../../_images/notebooks_DEA_datasets_DEA_Fractional_Cover_27_1.png

Using this mask, we can now remove any wet and unclear pixels from our original DEA Fractional Cover data. Note that these pixels now appear white as they have been replaced with NaN.

[12]:
# Set any unclear or wet pixel to `NaN`
fc_masked = fc.where(wo_mask)

# Plot the masked fractional cover data
rgb(fc_masked, bands=['bs', 'pv', 'npv'], col='time')
../../_images/notebooks_DEA_datasets_DEA_Fractional_Cover_29_0.png

Dropping poorly observed scenes

In the image above, we can see that the third observation was mostly obscured by cloud, leaving very little usable data. So that this doesn’t lead to unrepresentative statistics, we can keep only observations that had (for example) less than 50% nodata pixels.

[13]:
# Calculate the percent of nodata pixels in each observation
percent_nodata = fc_masked.pv.isnull().mean(dim=['x', 'y'])

# Use this to filter to observations with less than 50% nodata
fc_masked = fc_masked.sel(time=percent_nodata < 0.5)

# The data now contains only three observations
fc_masked
[13]:
<xarray.Dataset>
Dimensions:      (time: 3, x: 678, y: 573)
Coordinates:
  * time         (time) datetime64[ns] 1993-10-21T23:55:41.593257 ... 1993-11...
  * y            (y) float64 6.23e+06 6.23e+06 6.23e+06 ... 6.213e+06 6.213e+06
  * x            (x) float64 3.923e+05 3.924e+05 ... 4.126e+05 4.126e+05
    spatial_ref  int32 32754
Data variables:
    bs           (time, y, x) float64 16.0 19.0 16.0 24.0 ... 23.0 26.0 13.0
    pv           (time, y, x) float64 51.0 52.0 53.0 52.0 ... 26.0 20.0 31.0
    npv          (time, y, x) float64 32.0 27.0 29.0 23.0 ... 50.0 53.0 55.0
    ue           (time, y, x) float64 13.0 13.0 12.0 12.0 ... 11.0 11.0 13.0
Attributes:
    crs:           EPSG:32754
    grid_mapping:  spatial_ref

Calculating average fractional cover over time

Now that our FC data has had nodata values and cloud, shadow and water pixels set to NaN and we have dropped unrepresentative observations, we can reliably track how average proportions of green and brown vegetation and bare soil have changed over time across our entire study area. We can then plot this as a line chart, showing that green vegetation (pv) has consistently decreased over time at this location, and brown vegetation (npv) and bare soil (bs) have increased.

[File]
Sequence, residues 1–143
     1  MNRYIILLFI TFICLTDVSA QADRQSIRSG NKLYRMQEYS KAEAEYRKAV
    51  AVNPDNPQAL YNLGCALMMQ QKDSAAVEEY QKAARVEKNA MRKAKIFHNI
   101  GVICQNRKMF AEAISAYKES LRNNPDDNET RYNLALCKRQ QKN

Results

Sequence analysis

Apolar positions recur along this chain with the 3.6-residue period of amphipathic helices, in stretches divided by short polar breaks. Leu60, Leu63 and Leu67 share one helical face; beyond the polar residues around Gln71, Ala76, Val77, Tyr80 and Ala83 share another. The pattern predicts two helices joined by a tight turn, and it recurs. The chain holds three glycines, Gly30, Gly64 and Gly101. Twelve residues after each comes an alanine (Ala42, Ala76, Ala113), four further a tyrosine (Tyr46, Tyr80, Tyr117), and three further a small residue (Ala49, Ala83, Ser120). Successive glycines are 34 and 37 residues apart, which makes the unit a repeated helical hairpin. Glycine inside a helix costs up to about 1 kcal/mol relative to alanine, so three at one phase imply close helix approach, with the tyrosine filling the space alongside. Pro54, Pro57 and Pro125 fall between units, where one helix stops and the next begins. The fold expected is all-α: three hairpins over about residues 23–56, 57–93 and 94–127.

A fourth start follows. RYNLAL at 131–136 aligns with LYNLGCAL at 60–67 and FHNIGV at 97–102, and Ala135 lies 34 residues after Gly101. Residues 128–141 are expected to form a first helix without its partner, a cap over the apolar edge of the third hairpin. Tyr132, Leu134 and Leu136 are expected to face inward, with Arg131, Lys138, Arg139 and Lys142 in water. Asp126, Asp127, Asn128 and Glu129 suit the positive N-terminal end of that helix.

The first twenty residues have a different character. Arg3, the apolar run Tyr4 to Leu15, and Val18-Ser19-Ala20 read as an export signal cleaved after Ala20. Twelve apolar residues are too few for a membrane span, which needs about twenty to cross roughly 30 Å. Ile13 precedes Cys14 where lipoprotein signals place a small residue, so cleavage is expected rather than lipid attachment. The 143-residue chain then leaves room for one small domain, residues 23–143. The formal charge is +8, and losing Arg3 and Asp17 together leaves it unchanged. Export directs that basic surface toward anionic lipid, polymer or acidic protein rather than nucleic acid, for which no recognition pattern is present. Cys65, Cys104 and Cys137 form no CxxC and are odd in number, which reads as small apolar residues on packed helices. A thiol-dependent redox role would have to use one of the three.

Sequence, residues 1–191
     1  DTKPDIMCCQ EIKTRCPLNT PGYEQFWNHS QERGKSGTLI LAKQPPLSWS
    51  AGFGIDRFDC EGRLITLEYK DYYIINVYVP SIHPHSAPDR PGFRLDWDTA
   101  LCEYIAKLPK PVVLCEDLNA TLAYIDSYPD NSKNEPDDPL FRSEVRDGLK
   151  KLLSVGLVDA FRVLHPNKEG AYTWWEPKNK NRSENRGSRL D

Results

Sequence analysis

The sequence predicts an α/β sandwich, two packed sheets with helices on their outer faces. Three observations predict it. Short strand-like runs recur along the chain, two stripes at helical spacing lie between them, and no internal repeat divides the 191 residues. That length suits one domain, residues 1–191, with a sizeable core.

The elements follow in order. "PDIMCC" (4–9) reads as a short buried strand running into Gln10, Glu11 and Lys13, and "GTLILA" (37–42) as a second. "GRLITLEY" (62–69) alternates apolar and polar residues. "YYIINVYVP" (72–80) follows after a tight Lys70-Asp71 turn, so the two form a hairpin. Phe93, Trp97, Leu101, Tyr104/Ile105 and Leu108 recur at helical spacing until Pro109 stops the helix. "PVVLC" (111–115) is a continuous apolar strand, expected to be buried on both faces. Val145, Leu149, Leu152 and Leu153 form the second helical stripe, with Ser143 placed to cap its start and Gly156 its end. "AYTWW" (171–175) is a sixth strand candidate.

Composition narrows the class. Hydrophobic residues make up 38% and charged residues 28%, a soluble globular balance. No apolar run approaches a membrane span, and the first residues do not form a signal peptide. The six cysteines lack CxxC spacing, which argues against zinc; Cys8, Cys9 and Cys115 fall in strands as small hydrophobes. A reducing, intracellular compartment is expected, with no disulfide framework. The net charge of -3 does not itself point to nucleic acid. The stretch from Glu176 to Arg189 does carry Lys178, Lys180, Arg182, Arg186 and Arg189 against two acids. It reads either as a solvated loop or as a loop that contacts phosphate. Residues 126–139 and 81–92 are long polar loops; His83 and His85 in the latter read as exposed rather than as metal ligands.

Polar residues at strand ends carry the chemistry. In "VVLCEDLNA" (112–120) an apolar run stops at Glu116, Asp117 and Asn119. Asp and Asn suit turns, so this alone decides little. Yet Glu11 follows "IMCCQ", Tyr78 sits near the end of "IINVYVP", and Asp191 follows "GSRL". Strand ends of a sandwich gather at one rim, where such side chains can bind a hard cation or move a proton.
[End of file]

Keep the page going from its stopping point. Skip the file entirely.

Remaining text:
[14]:
# Calculate average fractional cover for `bs`, `pv` and `npv` over time
fc_through_time = fc_masked[['pv', 'npv', 'bs']].mean(dim=['x', 'y'])

# Plot the changing proportions as a line graph
fc_through_time.to_array().plot.line(hue='variable', size=5)
plt.title('Fractional cover over time')
plt.ylabel('Percent cover (%)');
../../_images/notebooks_DEA_datasets_DEA_Fractional_Cover_33_0.png

Additional information

License: The code in this notebook is licensed under the Apache License, Version 2.0. Digital Earth Australia data is licensed under the Creative Commons by Attribution 4.0 license.

Contact: If you need assistance, please post a question on the Open Data Cube Slack channel or on the GIS Stack Exchange using the open-data-cube tag (you can view previously asked questions here). If you would like to report an issue with this notebook, you can file one on Github.

Last modified: September 2021

Compatible datacube version:

[15]:
print(datacube.__version__)
1.8.5

Tags

Browse all available tags on the DEA User Guide’s Tags Index

Tags: NCI compatible, sandbox compatible, dea datasets, ga_ls_fc_3, ga_ls_wo_3, rgb, plot_wo, fractional cover